Eleven countries are already interested in setting up NuScale power plants.
In a major step forward for the burgeoning modular nuclear reactor movement, the U.S. Nuclear Regulatory Commission (NRC) approved all but the final formalities on a tiny reactor design put forth by industry leader NuScale. The July 29 announcement comes after six years of steady work toward regulatory approval.
The combination of small and modular is new for nuclear energy. Decades ago, the first nuclear plants were small because that was simply the limit of the emerging technology at the time. Modular design concepts were in the mix back then because, honestly, what wasn’t in the mix? There were even nuclear-powered concepts for family sedans as far back as the 1950s.
NuScale, based in the suburbs of Portland, Oregon, has been working on its small, modular reactor concept for over 15 years. The company began in the early 2000s with funding from the United States Department of Energy that merged the interests of multiple universities and government laboratories—something very common in the energy sector and in scientific fields like physics. Then, in 2007, NuScale went solo and took its show on the road to begin the long slog toward nuclear regulatory approval; the process began formally in 2016 with NuScale’s initial application for its modular reactor design.
“The NuScale team spent over 2 million labor hours to develop the information needed to prepare the design certification application, which included 12,000 pages, 14 topical reports, and had over 2 million pages of supporting information,” Diane Hughes, vice president of marketing and communications for NuScale, tells Popular Mechanics by email. “In turn, the NRC spent over a quarter-million staff hours reviewing the application. That said, the NRC review process took 42 months, which was the fastest design review in the NRC’s history.” Hughes attributes this feat to NuScale’s simple design.
In its announcement, the NRC explains that NuScale’s small, modular reactor is just the seventh reactor design ever to be approved for use in the U.S. It’s also the first design to be modular. To understand what a big deal that is, we have to take a step back and consider how other nuclear power plants have been built.
Many grew up in the shadow of the Byron Nuclear Generating Station outside Rockford, Illinois. Construction of the plant took a decade on a site that is about a mile-and-a-half square feet. The plant was planned around the site, not vice versa—where can we put a plant that is far enough outside of town, that has naturally flowing water, with enough room for over 700 employees and all the safety equipment and redundancies we need? What reactor can we build there?
That giant power plant has run for nearly 40 years and has supplied consistent power to about two million homes in northern Illinois. Even so, it’s embroiled in a licensing and renewal controversy, at least partly because the future of nuclear energy, and of energy more broadly, is a big question mark right now. Nuclear energy is considered unfavorable by many people around the world, and not without reason: several high-profile disasters hurt public opinion for decades, and now many of the plants from the “nuclear boom” of the 70s and 80s are aging out of service, becoming albatrosses.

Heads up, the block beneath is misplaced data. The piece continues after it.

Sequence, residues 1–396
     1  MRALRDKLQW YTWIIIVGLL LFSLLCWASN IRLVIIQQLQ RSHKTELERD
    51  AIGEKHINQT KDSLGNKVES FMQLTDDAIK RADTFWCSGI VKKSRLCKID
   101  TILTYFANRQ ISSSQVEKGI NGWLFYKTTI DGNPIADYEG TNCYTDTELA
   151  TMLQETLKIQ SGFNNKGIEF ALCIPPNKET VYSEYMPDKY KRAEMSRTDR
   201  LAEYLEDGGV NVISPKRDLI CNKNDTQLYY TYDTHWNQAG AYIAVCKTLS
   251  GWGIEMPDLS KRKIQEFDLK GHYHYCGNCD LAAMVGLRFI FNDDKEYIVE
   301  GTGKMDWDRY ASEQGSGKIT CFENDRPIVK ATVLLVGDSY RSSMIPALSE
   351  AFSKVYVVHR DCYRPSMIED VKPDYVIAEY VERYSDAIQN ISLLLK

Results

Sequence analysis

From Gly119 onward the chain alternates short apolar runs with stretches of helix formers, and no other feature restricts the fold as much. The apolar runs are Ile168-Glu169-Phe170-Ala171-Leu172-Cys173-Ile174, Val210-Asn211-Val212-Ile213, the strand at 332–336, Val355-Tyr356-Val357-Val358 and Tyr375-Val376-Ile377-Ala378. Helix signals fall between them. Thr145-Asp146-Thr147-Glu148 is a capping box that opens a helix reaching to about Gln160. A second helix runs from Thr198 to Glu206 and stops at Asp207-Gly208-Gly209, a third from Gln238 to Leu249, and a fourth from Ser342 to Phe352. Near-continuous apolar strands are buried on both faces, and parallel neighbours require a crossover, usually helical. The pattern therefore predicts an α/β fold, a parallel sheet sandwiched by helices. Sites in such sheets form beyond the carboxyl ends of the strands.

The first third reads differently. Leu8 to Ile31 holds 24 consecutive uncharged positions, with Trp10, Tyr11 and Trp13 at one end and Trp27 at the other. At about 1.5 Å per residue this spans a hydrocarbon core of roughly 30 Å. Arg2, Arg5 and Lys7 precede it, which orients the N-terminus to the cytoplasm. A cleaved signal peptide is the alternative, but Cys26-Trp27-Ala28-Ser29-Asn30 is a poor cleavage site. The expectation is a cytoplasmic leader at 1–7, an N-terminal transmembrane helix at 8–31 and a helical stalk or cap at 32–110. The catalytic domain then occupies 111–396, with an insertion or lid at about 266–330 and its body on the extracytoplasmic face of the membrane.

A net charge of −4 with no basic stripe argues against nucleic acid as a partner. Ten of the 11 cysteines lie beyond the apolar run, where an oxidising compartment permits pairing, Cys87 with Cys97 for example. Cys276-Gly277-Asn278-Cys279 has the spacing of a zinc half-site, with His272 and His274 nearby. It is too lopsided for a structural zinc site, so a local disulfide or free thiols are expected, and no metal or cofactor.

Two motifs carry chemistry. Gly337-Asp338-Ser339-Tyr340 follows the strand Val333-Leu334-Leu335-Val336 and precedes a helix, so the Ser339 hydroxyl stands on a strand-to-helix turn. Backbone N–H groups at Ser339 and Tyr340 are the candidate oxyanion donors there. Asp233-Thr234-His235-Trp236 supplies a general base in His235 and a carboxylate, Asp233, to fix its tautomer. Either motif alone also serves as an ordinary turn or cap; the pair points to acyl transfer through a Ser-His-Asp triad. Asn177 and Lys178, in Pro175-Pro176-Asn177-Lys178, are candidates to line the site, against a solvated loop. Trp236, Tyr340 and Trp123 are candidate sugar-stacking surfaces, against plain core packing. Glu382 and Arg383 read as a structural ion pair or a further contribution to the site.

But advocates say that there is simply no other way to replace the bulk of the world’s current fossil-fuel energy. If we’re going to stop burning coal and natural gas at power plants, we need something else, and renewable energy simply can’t account for everything. Renewables aren’t right or accessible for every community that is in need of a decarbonized energy solution. This is the market in which small, modular nuclear reactors have arrived.
“Especially while the global community is suffering from crises like volatile energy prices and climate-driven extreme weather events, the need for carbon-free energy solutions like NuScale’s small modular reactors has never been greater,” Hughes says. “While European gas futures have soared to new records, nuclear fuel prices are and have been much more stable as compared to natural gas prices. Achieving climate goals simply cannot be done without nuclear energy as part of the equation.”
NuScale is certainly not alone in the marketplace of ideas when it comes to small, modular nuclear reactors, but it’s had one special advantage all along: its design is revolutionary in some ways, but still built on the basics of water-cooled, nuclear power generation. Like Byron, a NuScale power plant will be cooled by a pool of fresh water. But that water will circulate and be cooled and reused rather than flushed out in quantity; NuScale says the reactors can still run almost indefinitely without pumps.
With the regulatory approval in hand, NuScale will finally be able to plan its first plants in the United States. These are still subject to location-based approval, especially because nuclear plant regulations are still based on huge sites like Byron. But NuScale’s reactors won’t be made on site. They’ll be made in factories and brought onsite in pieces for final installation and activation.
“Potential customers from numerous countries have expressed interest in our technology, and we currently have 18 signed and active memorandums of understanding with customers in 11 countries interested in, and considering, a deployment of a NuScale power plant,” Hughes says.